Submitted to: American Society of Plant Biologists Annual Meeting
Publication Type: Abstract Only
Publication Acceptance Date: July 30, 2003
Publication Date: N/A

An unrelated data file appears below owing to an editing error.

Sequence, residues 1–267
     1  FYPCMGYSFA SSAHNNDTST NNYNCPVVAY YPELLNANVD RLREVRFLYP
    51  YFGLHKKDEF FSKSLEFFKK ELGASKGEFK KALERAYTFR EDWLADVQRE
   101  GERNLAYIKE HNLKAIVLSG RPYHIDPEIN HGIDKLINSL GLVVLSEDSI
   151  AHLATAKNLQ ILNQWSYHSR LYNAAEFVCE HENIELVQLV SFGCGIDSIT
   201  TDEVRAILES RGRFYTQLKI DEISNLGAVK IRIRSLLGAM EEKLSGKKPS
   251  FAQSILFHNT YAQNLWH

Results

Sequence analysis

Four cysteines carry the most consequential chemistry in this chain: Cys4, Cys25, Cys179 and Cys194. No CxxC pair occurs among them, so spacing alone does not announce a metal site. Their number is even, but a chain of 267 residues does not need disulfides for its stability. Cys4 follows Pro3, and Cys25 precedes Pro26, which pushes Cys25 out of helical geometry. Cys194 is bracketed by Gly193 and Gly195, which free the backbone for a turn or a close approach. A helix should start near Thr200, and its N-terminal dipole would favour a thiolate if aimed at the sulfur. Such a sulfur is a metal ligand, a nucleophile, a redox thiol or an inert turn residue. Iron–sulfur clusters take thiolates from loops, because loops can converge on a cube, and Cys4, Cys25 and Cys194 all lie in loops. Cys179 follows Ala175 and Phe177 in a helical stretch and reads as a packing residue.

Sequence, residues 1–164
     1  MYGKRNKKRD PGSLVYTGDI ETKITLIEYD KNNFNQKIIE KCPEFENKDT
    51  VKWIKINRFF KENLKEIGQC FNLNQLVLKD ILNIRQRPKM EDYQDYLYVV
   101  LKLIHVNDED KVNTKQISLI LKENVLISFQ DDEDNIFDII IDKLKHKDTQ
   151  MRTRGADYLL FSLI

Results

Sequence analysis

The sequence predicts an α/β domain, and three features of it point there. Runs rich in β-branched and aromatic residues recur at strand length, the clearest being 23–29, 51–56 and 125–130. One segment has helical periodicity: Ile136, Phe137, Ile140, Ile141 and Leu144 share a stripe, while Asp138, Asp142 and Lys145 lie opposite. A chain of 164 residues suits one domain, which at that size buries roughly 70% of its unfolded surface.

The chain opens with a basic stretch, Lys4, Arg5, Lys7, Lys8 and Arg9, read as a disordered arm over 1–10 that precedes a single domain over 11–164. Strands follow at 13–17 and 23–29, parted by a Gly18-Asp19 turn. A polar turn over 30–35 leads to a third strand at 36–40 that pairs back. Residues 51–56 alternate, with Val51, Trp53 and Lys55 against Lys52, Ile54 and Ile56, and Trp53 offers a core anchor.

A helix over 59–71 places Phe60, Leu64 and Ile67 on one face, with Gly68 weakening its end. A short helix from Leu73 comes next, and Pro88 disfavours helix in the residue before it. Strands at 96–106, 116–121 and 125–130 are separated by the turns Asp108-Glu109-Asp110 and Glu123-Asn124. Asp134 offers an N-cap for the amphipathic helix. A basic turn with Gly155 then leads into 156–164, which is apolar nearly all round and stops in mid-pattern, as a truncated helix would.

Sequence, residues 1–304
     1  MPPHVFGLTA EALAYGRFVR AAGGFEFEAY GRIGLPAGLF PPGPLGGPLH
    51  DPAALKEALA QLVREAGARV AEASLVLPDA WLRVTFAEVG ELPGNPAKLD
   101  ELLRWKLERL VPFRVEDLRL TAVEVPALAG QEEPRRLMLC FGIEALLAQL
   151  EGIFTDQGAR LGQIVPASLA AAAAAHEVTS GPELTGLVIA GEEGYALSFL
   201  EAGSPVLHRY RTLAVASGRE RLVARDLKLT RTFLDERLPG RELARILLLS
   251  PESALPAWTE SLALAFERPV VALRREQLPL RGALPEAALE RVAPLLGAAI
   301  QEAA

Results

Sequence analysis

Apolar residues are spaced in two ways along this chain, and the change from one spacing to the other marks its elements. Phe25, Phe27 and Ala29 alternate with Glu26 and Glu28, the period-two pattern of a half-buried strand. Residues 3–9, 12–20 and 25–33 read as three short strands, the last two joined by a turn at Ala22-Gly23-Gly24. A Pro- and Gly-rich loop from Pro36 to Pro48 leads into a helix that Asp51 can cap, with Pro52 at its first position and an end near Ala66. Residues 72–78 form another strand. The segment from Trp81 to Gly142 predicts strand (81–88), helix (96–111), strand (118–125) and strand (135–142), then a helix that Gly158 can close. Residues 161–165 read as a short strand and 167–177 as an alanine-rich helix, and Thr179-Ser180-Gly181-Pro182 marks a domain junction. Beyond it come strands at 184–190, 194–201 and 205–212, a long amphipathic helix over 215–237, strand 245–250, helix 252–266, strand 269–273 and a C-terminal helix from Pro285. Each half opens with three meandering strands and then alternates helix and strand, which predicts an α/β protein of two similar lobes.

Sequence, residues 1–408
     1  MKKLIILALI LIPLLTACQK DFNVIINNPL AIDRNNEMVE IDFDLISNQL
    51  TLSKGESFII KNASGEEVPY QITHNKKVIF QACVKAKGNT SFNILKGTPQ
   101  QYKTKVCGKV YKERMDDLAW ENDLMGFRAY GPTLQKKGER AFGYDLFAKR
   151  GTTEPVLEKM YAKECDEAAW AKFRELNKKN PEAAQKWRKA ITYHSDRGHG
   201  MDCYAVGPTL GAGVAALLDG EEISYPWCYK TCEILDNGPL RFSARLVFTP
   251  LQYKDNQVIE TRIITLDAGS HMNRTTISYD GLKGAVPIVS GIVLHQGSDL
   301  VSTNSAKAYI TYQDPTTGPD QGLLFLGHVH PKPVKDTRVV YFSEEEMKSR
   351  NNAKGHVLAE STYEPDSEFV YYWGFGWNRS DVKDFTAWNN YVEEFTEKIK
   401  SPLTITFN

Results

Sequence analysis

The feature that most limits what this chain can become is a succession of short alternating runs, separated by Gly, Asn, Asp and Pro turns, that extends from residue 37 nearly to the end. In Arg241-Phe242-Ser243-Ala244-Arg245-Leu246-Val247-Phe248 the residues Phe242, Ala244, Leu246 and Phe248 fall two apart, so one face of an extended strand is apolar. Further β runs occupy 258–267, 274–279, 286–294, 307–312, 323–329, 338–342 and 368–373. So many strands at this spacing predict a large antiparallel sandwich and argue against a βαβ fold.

Technical Abstract: The protein encoded by the maize glutamine synthetase GS1-2 gene is found in abundance in the maternal tissues that surround the developing maize kernel, where it is believed to play an important role in the assimilation of nitrogen released from the phloem trace. The promoter from GS1-2 is capable of directing reporter gene expression in these same maternal seed tissues after transformation of embryogenic maize calli by particle bombardment. Analysis of the parameters of transformation and expression suggest, however, that the GS1-2/GUS transgene, while readily incorporated into the maize genome, was not expressed efficiently in herbicide-resistant calli and even less so in regenerated plants. Truncation of the promoter from 664 bp to 400 bp upstream of the putative transcription start site increased expression efficiency, but resulted in the loss of tissue specificity within the kernel. In trans, the GS1-2 promoter also strongly drove GUS expression in pollen grains, despite the absence of native GS1-2 expression in pollen. Southern analysis revealed that biolistic transformation with the GS1-2/GUS gene results in high copy numbers and frequent rearrangements. We are currently transforming maize with the full length GS1-2/GUS gene construct using Agrobacterium tumefaciens-mediated transformation. Preliminary results indicate greatly increased efficiency of GS1-2/GUS transgene expression in regenerated plants, no ectopic pollen expression, and maintenance of maternal tissue specific expression within the kernel tissues. Complete analysis of transformation efficiencies, transgene copy number and expression patterns for the GS1-2/GUS gene construct in maize using Agrobacterium tumefaciens-mediated transformation will be presented.